Performance reviews can be dreaded by employees and employers alike. But good feedback can be a vital tool for employee productivity, and happiness. Use these three tips from experts to help you make performance reviews appreciated, not dreaded.
1. Cut out an annual review, and switch to regular performance feedback
One of the most frustrating aspects of performance reviews, for employees, is the vast length of time between them. They hear nothing for months, then get a serious annual meeting that details all of their shortcomings for an entire year.
Authors Samuel Colbert and Larry Rout state in their book that “annual reviews do not promote candid discussions about problems in the workplace — and their potential solutions.”
What to do? Quit giving feedback altogether? That’s not the answer either.
Make it your habit to meet, informally, with each of your employees on a weekly or monthly basis. Regular, short-and-sweet (under 30 minutes) reviews — limited to current performance and projects — will be much more beneficial than a yearly feedback fest.
2. Set objective standards to avoid any misunderstandings or bias
Good leaders don’t intend to be biased, of course, but sometimes people are blind to their own internalized assumptions and preferences.
When you give feedback based solely on your subjective appraisal of how well a job is being done, you’re probably falling into rater bias. That’s when the reviewer is, consciously or inadvertently, influenced by “non-performance related factors” of the employee, such as personal characteristics (race, gender, age, personality) and interpersonal factors (whether or not the reviewer personally “likes” and gets along with the employee). Employees, justifiably, feel wronged “because managers do not always rate them on objective criteria.”
Bias is not only frustrating for employees, it’s bad for business. “When a manager or supervisor is in a bad mood,” the same research finds, “he or she is a much more conscientious performance rater and more attuned to employee mistakes and problems. When in a good mood, the manager is more likely to overlook poor employee performance.”
In other words, you might have a bad morning, then take it out on one of your best employees.
Feedback should encourage great performance or give specific actions and standards to improve poor performance, not disintegrate into a personal venting session. To avoid letting bias and mood ruin the reviews you give, set clear, objective standards for each job role or employee position.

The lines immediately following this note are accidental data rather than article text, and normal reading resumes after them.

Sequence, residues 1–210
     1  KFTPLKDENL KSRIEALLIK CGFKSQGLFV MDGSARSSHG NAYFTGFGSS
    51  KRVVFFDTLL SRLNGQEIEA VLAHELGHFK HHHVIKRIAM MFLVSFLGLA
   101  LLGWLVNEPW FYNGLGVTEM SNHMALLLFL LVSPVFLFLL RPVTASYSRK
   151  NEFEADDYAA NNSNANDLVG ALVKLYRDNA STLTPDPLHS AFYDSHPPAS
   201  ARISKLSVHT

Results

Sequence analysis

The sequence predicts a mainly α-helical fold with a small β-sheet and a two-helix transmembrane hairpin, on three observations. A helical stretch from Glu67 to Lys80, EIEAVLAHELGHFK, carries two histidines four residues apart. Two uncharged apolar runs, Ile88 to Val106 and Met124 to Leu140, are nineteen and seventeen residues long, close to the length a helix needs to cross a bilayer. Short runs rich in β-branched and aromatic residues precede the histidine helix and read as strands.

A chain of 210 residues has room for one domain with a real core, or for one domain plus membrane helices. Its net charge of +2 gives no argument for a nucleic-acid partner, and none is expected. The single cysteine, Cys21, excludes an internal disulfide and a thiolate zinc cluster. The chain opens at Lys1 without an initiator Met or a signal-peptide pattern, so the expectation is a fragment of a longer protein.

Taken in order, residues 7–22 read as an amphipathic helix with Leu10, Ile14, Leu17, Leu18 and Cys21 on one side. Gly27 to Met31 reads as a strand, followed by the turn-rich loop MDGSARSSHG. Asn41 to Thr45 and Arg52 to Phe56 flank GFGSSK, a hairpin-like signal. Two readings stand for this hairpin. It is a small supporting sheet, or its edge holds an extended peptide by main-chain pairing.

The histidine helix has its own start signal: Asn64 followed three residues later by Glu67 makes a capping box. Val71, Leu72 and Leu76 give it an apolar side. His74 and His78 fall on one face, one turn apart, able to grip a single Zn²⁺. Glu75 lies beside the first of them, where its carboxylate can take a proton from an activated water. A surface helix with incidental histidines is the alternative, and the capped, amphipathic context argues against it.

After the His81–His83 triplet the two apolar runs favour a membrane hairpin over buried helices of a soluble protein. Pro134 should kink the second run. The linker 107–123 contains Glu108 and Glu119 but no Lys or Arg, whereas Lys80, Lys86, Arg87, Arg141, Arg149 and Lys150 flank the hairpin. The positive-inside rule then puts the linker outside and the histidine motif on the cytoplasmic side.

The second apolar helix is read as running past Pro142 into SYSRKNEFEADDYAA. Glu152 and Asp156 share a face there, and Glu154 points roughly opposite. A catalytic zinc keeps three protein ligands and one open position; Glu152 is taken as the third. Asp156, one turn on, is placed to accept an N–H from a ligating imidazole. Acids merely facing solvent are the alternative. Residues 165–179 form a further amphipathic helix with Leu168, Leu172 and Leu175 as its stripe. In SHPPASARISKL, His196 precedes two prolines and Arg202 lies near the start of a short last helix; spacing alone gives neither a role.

3. Tailor your feedback to each employee’s experience
You probably think you know what your employees want to hear: positive feedback, praise, assurances that their work is satisfactory, even excellent. Turns out that’s not entirely true. What employees want to hear depends on how skilled they are in particular tasks or roles.
For newbies, praise is paramount. “Novices sought and responded to positive feedback,” this study finds, and “positive feedback increased novices’ commitment.”
For advanced employees, however, apparently getting only positive feedback is like giving a teenager a pat on the head: useless (at best) and irritating (at worst). The study found that “experts sought and responded to negative feedback.” These employees actually want negative feedback on the areas in which they’re most skilled. Truthful feedback motivates them to want to make more progress.
Of course, a little goes a long way. Those high-level employees still appreciate genuine praise and encouragement, but they also appreciate thoughtful insight that will help them increase their skills and expertise.
As a small business owner, you probably know your employees well. Keep in mind, then, during those regular reviews, the skill levels for each employee. Encourage and praise to help employees stay committed to a new role or skill; encourage with some insightful critiques to help advanced employees stay motivated to improve.